Compared with a fiat monetary standard, a commodity standard was relatively simple. One could assemble a broad sampling of commodities and regularly manufactured product, and glean a reasonably good approximation regarding the dimensions of an equilibrium, in which both manufacturing and services sectors basically circulated revenue flows in balance with each other.

In spite of the flexibility they contribute to spontaneous coordination at a national level, fiat monetary systems tend to distort this circulatory balance in ways that many groups have reason not to completely trust. As governments switched to fiat monetary regimes and set about utilizing extensive debt formation for time based services, an element of uncertainty was introduced, regarding reliable equilibrium dimensions. While a nominal level target is best equipped to represent equilibrium dimension, central bankers may doubt the ability of their governments to maintain present conditions for time based services contribution, to wealth creation in general. In spite of this recalcitrance on the part of policy makers, it remains vital to get monetary representation right, for the wealth and economic activity that people seek to create.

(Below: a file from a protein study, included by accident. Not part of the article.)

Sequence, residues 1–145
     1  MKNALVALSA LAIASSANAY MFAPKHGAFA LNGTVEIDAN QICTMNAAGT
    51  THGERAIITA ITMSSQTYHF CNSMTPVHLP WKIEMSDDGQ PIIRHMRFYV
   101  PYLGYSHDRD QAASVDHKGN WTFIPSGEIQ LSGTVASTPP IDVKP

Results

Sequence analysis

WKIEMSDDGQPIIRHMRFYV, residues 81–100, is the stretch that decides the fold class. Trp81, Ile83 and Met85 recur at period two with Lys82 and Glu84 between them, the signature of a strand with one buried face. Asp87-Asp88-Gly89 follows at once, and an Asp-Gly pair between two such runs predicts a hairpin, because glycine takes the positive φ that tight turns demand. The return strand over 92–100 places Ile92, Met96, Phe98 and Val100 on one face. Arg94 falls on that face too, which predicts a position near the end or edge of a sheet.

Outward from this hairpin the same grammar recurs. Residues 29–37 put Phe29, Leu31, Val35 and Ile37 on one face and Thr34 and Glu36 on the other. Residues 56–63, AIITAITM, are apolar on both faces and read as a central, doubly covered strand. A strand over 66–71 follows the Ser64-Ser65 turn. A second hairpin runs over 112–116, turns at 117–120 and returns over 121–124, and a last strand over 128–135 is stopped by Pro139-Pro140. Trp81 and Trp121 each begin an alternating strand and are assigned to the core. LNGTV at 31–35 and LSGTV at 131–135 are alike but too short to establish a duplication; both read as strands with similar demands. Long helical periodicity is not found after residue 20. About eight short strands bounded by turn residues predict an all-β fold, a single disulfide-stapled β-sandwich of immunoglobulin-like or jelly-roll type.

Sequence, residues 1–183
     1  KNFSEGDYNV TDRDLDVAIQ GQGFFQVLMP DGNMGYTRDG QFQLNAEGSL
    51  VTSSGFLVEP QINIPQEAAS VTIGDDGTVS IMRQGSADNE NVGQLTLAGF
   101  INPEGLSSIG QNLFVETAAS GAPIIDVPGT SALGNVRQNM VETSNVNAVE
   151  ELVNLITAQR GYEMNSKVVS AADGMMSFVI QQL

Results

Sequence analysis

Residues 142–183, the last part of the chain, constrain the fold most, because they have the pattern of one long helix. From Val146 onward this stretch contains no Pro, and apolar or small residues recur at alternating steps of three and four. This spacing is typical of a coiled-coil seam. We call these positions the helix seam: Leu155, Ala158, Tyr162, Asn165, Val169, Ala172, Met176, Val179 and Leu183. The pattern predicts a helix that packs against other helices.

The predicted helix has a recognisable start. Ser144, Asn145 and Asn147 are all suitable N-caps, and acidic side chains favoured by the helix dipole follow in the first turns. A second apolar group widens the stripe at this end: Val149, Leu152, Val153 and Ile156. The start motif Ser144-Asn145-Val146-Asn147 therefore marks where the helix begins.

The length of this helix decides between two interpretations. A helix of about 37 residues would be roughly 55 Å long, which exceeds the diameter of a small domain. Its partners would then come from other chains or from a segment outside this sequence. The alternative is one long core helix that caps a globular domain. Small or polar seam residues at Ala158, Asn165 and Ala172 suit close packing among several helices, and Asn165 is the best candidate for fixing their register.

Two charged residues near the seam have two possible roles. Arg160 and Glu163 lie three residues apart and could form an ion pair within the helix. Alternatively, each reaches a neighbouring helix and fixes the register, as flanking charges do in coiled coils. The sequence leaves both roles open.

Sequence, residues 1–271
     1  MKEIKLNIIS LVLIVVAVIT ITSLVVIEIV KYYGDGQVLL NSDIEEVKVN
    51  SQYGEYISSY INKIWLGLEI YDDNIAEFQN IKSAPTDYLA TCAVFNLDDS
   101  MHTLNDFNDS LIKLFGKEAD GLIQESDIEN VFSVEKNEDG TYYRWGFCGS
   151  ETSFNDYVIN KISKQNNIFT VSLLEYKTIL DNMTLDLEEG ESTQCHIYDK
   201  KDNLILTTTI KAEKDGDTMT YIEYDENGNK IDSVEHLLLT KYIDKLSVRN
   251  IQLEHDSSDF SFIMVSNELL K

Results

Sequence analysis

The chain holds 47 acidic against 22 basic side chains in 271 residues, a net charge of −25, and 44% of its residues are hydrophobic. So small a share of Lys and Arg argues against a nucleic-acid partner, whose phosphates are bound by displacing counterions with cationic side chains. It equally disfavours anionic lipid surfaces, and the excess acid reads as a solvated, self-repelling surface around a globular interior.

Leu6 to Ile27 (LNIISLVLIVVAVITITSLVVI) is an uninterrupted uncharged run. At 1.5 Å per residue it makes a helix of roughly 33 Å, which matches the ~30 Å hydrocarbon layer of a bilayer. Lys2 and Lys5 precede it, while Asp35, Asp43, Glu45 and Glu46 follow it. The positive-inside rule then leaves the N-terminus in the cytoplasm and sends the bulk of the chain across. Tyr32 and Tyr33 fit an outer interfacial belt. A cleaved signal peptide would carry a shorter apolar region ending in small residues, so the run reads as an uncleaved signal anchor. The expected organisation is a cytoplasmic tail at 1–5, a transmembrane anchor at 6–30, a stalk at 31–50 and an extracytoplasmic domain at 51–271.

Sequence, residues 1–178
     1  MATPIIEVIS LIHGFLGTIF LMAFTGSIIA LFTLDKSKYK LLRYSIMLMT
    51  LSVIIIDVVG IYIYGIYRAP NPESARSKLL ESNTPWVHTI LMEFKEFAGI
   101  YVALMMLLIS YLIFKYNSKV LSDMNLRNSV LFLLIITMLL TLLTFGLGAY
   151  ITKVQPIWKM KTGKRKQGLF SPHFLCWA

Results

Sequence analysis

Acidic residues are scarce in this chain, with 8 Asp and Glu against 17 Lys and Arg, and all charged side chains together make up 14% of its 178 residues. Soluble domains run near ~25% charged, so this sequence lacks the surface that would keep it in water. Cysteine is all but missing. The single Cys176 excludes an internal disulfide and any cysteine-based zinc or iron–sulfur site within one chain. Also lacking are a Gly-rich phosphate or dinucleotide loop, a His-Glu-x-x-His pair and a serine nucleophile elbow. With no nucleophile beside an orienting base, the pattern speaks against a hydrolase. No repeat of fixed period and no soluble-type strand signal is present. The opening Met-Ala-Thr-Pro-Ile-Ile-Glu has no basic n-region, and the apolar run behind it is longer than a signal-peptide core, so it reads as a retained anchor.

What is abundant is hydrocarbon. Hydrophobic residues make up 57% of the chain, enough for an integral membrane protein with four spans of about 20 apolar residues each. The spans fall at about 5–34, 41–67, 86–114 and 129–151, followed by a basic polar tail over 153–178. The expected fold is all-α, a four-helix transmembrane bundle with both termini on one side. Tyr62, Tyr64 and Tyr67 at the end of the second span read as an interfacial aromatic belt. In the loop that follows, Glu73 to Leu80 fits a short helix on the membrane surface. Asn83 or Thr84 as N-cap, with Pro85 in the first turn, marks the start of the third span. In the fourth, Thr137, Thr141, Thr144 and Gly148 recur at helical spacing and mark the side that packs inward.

Part of the problem, is that too much services generation and knowledge use have proven notoriously difficult to measure. How many other resources are expected to be redirected, for any given unit of time based service product?

Personal economic time value, as a wealth generating commodity unit, could eventually lend better measurement capacity for knowledge use and overall economic stability. How so? As an internally generated, non debt producing unit of commodity wealth which is accounted for at the outset, time arbitrage could contribute to reliable general equilibrium dimension in the same (primary market) capacity as traditional manufacture. Time based commodity units would eventually help to restore circulatory balance between primary market wealth creation, and secondary market wealth circulation.

Even though fiat monetary systems are reliable for the external compensation of knowledge use up to a point, these highly specific skill rewards aren't fully accountable at the outset. Consequently, fiscally compensated time based product contributes to a debt driven equilibrium which distorts the true capacity of monetary flow potential. Time arbitrage would be instrumental in returning to a status in which equilibrium capacity could be more readily determined.

While fiat monetary regimes are still quite useful in the present, they cannot simply continue as open checkbooks which don't determine the nature of ongoing debt formation in relation to overall resource capacity. By utilizing time value as a commonly held commodity, time based services generation could eventually place less demand on overall monetary representation, thereby generating more public trust in knowledge generation processes.